Human Rights and foreign policy

In 1977 the United States President, Jimmy Carter, affirmed “America's commitment to human rights as a fundamental tenet of our foreign policy,” a statement that created high expectations for US international actions and fostered great controversy regarding how and under what circumstances states should give priority to human rights considerations in their foreign policy. A few weeks ago, the UK’s foreign secretary, William Hague, said that human rights should be the “irreducible core” of the United Kingdom’s foreign policy. Thirty years after Carter’s statement, it is true that human rights have greater prominence in contemporary foreign policies of more states that at any other time. But it is no less true that in few countries (if any—certainly not in the US or the UK) are international human rights even close to the top of foreign policy priorities. This month’s Roundtable discusses the realties and the limits of states’ human rights foreign policies, taking the example of the UK as presented by Tom Porteous’s piece published in The Guardian, “A humane nation is a safer nation.”

Porteous presents three reasons for having a human rights-friendly foreign policy for the United Kingdom. First, promoting human rights and the rule of law is a good way to secure some of the UK's most important foreign policy objectives, including preventing armed conflict and political extremism, and fostering economic development and political stability. Second, championing respect for human rights and the rule of law sets a good example and is good for the UK's international reputation. And third, the UK is involved in a multifaceted struggle against Islamist militancy that needs to be tackled not by military means alone. In the words of Porteous, “The ideological battle for hearts and minds is just as important, and victory on that front depends on the strictest adherence to human rights standards and the laws of war.”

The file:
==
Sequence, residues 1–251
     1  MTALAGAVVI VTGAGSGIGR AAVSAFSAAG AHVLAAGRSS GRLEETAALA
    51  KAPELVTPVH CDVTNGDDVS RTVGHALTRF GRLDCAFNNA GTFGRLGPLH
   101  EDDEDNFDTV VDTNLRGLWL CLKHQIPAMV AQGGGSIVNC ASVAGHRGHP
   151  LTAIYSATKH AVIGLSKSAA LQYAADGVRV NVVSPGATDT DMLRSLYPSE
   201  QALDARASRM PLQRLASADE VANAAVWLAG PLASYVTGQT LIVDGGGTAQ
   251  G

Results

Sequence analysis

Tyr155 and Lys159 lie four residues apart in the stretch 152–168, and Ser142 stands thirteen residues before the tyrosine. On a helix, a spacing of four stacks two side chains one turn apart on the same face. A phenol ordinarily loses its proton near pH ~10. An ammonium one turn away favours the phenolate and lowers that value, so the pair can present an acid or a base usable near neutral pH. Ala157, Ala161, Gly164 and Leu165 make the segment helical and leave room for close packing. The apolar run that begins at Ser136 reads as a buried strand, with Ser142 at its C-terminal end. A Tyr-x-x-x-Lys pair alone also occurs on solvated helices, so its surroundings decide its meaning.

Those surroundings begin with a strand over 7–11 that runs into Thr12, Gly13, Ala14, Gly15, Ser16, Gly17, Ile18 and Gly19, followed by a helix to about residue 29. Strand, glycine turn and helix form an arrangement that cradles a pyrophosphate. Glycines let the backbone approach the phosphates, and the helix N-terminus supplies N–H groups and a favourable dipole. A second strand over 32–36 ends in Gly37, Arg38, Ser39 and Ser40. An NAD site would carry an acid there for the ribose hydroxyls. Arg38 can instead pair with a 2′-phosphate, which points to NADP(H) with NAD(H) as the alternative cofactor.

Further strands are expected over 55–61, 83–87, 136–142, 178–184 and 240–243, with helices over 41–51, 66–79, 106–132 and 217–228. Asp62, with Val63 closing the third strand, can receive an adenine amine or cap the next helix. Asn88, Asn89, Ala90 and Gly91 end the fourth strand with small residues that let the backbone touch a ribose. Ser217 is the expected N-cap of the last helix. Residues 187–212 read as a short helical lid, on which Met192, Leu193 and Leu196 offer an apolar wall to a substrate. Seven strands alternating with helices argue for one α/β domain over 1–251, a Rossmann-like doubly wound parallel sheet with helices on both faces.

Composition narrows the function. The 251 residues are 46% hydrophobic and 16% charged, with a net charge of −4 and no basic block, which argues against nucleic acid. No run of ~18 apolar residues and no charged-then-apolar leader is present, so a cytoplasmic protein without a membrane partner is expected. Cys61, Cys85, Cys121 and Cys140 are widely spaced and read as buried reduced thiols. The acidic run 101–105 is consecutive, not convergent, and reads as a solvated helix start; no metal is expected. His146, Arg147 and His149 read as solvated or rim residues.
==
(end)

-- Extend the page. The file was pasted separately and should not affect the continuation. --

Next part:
Our panelists agree on the positive consequences for states that decide to promote international human rights. One additional benefit of adopting a human rights-oriented foreign policy that is highlighted by our contributors is the creation of moral, legal, and political interdependence that can deepen democracy at home. As Brysk notes, “Humanitarian foreign policy turns a spotlight on the very inconsistencies and hypocrisies Porteous chronicles for his own aspiring promoter state—and in some cases, improves them.” Human rights-oriented foreign policy helps democracy promotion and security at home and abroad. 
However, our panelists also point out the possible “wrongs” of pursuing an international human rights policy that is based solely on rhetorical commitments. Matching words and deeds is even more pressing when human rights concerns have been identified as the heart of all other relevant policy considerations. The possible dangers are even more striking when governments decide to use human rights language without concrete substance or, even worse, when they use it as a means to reach other foreign policy objectives.

Thus, the concrete and more difficult question is how a country like Britain should promote human rights given its domestic and international constraints. Our contributors explore some possible areas for further concrete action, including international aid, development promotion, and international justice. However, prudence in establishing overly grand policy pronouncements seems to be an important first step for human rights promotion worldwide.

These issues and others are considered in this month’s Roundtable.

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